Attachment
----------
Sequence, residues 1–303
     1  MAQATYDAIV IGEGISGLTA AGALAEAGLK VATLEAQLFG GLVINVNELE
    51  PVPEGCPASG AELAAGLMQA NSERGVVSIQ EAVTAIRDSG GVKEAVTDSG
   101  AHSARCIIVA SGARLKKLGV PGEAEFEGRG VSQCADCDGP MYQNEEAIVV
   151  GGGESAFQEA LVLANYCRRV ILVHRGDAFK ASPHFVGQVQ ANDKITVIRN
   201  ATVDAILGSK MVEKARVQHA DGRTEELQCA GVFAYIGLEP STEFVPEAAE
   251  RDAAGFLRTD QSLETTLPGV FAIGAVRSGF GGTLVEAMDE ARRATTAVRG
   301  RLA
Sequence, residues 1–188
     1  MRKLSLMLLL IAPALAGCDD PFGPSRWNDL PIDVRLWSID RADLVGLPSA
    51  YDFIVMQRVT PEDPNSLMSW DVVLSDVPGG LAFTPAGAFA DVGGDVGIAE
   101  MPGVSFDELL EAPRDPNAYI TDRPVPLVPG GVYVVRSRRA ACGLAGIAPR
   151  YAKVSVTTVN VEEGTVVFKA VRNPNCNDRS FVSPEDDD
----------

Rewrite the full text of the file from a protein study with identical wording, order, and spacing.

Sequence, residues 1–303
     1  MAQATYDAIV IGEGISGLTA AGALAEAGLK VATLEAQLFG GLVINVNELE
    51  PVPEGCPASG AELAAGLMQA NSERGVVSIQ EAVTAIRDSG GVKEAVTDSG
   101  AHSARCIIVA SGARLKKLGV PGEAEFEGRG VSQCADCDGP MYQNEEAIVV
   151  GGGESAFQEA LVLANYCRRV ILVHRGDAFK ASPHFVGQVQ ANDKITVIRN
   201  ATVDAILGSK MVEKARVQHA DGRTEELQCA GVFAYIGLEP STEFVPEAAE
   251  RDAAGFLRTD QSLETTLPGV FAIGAVRSGF GGTLVEAMDE ARRATTAVRG
   301  RLA
Sequence, residues 1–188
     1  MRKLSLMLLL IAPALAGCDD PFGPSRWNDL PIDVRLWSID RADLVGLPSA
    51  YDFIVMQRVT PEDPNSLMSW DVVLSDVPGG LAFTPAGAFA DVGGDVGIAE
   101  MPGVSFDELL EAPRDPNAYI TDRPVPLVPG GVYVVRSRRA ACGLAGIAPR
   151  YAKVSVTTVN VEEGTVVFKA VRNPNCNDRS FVSPEDDD